With little in the way of livelihood opportunities, some young people are lured into criminal, and sometimes violent, means to secure a livelihood within so-called ‘cultist’ gangs operating in the Niger Delta. The Gokana Local Government Area, Rivers State, has been deeply affected by the criminal activities of cult groups for nearly 10 years, with disruption to the economy and escalating violence in, and between, communities. In 2018, SDN partnered with the Pax Viva Foundation to identify and support over 4,700 ex-cultists with community reconciliation and peace building initiatives, and conducted a pilot project to provide economic support to 360 of them with starter-packs to kick-start their legitimate livelihood ambitions. Despite the challenges of working in an insecure context, early monitoring and evaluation results indicate the livelihood pilot, and wider peace programme, supported economic and community improvements. There is also a strong demand from ex-cultists to participate in a scaled up project of similar design.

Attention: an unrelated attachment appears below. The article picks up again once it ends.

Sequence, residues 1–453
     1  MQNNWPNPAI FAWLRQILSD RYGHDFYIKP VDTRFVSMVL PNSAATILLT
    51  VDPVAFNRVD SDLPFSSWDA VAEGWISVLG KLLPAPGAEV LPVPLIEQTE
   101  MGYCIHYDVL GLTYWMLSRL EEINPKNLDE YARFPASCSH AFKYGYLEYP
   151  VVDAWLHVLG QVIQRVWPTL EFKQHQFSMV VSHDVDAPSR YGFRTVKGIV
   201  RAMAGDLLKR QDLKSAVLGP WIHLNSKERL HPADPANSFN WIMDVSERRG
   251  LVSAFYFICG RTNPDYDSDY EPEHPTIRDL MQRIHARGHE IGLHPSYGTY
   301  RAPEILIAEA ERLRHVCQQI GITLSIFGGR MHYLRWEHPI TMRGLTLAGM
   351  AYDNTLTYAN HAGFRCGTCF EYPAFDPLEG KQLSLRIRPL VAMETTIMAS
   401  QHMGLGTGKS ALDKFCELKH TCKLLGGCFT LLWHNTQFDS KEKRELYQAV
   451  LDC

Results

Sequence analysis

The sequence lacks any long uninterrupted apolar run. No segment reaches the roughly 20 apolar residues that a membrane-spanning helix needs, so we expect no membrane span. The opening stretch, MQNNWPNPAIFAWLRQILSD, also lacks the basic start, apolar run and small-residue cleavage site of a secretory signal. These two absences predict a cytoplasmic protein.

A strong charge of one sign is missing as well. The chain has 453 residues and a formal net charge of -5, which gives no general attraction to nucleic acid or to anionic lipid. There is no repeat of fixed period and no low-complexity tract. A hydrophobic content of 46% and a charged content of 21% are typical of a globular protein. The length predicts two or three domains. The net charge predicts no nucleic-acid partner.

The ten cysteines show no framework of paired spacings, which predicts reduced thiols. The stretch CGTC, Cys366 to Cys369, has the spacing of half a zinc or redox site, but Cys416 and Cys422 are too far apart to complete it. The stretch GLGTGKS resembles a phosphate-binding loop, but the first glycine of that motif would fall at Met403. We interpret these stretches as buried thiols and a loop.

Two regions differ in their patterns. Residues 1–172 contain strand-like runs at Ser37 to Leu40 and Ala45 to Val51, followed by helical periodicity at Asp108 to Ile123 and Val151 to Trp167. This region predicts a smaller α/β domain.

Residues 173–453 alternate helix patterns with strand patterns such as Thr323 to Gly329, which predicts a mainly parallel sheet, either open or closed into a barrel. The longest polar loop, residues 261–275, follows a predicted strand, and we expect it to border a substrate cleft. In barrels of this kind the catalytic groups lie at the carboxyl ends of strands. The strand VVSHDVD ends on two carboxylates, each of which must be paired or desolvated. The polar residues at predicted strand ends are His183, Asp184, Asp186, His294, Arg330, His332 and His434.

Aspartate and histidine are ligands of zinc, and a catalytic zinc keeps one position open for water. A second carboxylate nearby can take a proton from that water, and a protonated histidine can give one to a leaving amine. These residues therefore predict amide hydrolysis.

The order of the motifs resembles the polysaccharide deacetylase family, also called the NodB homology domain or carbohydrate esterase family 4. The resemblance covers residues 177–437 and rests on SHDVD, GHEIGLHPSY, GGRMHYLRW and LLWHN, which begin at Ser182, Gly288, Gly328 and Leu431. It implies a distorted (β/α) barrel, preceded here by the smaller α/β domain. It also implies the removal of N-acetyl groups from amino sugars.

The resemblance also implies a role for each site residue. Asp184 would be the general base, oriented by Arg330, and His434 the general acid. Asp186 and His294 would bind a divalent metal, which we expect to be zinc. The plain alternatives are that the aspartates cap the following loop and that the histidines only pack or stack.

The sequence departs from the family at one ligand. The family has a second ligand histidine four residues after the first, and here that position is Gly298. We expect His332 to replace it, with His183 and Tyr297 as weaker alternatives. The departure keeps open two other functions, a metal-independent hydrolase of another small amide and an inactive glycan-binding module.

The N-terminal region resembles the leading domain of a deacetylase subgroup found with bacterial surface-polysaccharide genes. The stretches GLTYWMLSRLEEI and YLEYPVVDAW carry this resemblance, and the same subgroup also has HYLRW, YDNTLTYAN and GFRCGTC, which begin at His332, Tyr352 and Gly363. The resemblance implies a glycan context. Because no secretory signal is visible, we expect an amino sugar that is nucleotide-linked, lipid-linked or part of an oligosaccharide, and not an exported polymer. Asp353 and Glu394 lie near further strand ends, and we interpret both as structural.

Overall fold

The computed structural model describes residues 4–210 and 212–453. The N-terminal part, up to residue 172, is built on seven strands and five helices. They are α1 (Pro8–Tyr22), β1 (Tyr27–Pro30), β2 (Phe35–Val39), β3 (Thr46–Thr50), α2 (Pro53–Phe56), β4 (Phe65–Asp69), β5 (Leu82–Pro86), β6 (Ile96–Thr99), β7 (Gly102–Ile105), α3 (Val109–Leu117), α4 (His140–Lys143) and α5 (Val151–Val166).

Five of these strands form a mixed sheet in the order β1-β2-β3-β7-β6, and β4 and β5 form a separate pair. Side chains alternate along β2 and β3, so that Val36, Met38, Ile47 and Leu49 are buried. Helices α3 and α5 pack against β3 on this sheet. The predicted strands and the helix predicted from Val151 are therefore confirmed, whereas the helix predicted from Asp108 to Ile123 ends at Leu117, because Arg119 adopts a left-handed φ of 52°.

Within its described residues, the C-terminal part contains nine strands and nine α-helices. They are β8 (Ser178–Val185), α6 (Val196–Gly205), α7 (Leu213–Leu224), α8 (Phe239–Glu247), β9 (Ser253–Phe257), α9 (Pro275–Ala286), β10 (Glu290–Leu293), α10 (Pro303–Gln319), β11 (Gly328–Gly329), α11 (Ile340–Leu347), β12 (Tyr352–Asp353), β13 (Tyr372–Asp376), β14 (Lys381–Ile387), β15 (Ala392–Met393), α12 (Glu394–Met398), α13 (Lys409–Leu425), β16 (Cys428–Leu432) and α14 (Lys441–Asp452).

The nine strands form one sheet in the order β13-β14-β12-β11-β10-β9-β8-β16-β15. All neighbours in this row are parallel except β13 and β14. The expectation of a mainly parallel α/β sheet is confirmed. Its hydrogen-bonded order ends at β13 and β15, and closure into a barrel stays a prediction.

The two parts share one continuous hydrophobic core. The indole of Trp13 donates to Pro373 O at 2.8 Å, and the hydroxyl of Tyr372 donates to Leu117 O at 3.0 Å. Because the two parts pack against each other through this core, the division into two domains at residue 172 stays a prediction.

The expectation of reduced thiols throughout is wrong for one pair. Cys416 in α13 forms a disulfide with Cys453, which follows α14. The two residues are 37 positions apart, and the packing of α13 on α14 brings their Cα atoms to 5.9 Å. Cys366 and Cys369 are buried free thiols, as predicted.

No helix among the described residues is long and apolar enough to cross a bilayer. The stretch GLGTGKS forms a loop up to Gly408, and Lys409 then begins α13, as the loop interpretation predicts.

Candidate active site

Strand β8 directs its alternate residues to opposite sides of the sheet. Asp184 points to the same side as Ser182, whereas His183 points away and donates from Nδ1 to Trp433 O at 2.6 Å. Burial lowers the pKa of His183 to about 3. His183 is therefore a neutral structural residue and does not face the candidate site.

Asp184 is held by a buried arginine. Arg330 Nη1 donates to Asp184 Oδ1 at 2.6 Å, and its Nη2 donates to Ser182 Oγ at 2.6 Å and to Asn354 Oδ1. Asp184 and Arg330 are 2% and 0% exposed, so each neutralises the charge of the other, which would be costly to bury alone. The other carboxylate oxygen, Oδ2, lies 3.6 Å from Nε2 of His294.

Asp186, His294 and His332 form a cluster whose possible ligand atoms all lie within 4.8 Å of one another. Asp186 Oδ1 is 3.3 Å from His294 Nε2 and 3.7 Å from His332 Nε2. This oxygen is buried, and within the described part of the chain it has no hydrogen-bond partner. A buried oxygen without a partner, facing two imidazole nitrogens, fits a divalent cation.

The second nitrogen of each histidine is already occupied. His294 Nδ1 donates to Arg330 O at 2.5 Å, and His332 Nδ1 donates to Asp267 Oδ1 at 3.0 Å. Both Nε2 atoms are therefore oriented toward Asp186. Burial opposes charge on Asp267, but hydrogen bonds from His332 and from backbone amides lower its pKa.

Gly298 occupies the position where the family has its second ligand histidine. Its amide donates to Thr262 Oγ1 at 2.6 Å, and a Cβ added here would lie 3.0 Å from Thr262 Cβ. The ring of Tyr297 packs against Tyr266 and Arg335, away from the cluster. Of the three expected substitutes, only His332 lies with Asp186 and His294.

In the absence of alternative sources of livelihood – and in many cases a lack of other support networks – some young people are drawn into ‘cultist’ gangs that operate in the Niger Delta and that extract sources of income for its members through criminal and illicit activities such as artisanal oil refining, drug trafficking, armed robberies, kidnapping, political thuggery, and paid assassinations.